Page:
The small business aid package supported by the marine industry finally cleared the Senate and should be approved by the House as you read this.
If it seems like we’ve been pursuing this bill for months, we have. Interestingly, the bill enjoyed bipartisan support when first proposed by President Obama last spring. But, the addition of a $30 billion small business lending fund to give credit-starved small firms access to capital triggered partisan division. Senate Republicans labeled it “mini-TARP” and filibustered. At last, however, it’s a done deal and it still includes the $30 billion for community banks to boost lending as well as $12 billion in tax breaks to encourage small businesses to invest and hire.
So, should we in boating be taking a victory lap? Maybe a slow one. Sure, the lending fund increases the possibility marine businesses can get access to capital locally. Yes, MRAA and NMMA successfully lobbied for lower SBA loan program fees and substantially higher loan guarantee and lending limits. However, any real impact on problems like floorplanning and working capital for boat dealers remains to be seen. After all, previous programs run through SBA in the name of helping small businesses have failed the marine industry. Still, here are some provisions in the bill that might help you:
• Increases SBA 7(a) loan limits from $2 to $5 million, 504 loans from $1.5 to
$5.5 million, and microloans from $35,000 to $50,000, all of which the marine industry pushed for. It also increases the guarantee on 7(a) loan limits and eliminates borrower fees on 7(a) and 504 loans through December 31, 2010.
• Increases SBA 7(a) Express Loans from $300,000 to $1million for working capital to small businesses.
• Eliminates the fees normally charged for loans through the SBA 7(a) and 504 loan
programs and increases the government guarantees on 7(a) loans from 75 percent to 95 percent.
• Tax relief by increasing “Section 179 Expensing and Expansion to Certain Real Property.” The bill increases the thresholds for deducting capital expenditures to $500,000 and the phase-out threshold up to $2 million for the taxable years 2010 and 2011. Within the higher thresholds, the bill allows expensing up to $250,000 of the cost of qualified leasehold improvement property and qualified retail improvement property.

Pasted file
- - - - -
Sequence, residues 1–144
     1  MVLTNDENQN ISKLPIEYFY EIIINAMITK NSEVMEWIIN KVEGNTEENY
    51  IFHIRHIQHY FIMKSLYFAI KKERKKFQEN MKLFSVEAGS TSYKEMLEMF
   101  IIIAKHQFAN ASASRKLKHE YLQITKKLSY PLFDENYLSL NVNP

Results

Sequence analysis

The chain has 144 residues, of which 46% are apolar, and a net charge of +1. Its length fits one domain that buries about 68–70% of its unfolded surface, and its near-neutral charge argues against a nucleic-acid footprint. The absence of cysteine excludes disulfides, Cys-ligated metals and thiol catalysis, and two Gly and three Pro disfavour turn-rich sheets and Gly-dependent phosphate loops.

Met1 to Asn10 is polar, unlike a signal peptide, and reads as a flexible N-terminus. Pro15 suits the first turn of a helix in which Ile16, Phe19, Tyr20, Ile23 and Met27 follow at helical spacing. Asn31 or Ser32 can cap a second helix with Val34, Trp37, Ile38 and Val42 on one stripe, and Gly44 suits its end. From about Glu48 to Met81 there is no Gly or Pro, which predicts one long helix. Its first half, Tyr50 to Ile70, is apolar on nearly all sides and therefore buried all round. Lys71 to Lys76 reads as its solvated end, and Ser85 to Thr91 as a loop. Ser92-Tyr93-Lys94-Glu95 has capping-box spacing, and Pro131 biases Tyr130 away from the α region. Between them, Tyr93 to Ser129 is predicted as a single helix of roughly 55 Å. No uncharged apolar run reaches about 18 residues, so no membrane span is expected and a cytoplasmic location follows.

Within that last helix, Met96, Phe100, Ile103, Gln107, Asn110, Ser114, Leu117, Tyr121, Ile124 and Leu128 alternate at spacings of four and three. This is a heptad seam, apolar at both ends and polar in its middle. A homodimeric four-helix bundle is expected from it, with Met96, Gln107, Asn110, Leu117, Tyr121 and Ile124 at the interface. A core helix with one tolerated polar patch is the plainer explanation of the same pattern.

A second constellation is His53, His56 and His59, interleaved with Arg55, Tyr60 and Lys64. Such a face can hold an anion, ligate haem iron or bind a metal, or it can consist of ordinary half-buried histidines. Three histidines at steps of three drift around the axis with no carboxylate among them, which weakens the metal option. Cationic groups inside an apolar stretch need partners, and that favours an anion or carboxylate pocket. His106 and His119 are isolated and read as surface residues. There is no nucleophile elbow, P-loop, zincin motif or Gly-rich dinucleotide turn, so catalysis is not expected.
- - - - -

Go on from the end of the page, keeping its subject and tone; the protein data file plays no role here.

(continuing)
• Extends the bonus depreciation provision to recover the cost of capital expenditures in the first-year at 50 percent depreciation for qualifying property purchased and placed in service in 2010.
• Allows deduction of health insurance when calculating self-employment tax. Currently, owners can’t deduct health insurance for themselves and family. This provision allows deduction for health insurance incurred in 2010. (Not thereafter.)
• Extends the one-year carryback for general business credits to five years for sole proprietorships, partnerships, and non-publicly traded corporations with $50 million or less in average annual gross receipts for the prior three years.
• Expands the use of general business credits against AMT. Currently, only allowable general business credits can be claimed against regular tax liability, and only to the extent regular tax liability exceeds the AMT liability. (A few credits may be used to offset AMT liability, such as the credit for small business employee health insurance expenses.) This bill allows small businesses to use all types of general business credits against the AMT for sole proprietorships, partnerships, and non-publicly traded corporations with $50 million or less in average annual gross receipts for the prior three years.
There are other provisions in the bill that may prove helpful to dealers. And while it’s impossible to predict the ultimate impacts it may have, it is generally positive . . . and anything positive coming out of Washington these days needs to be highlighted!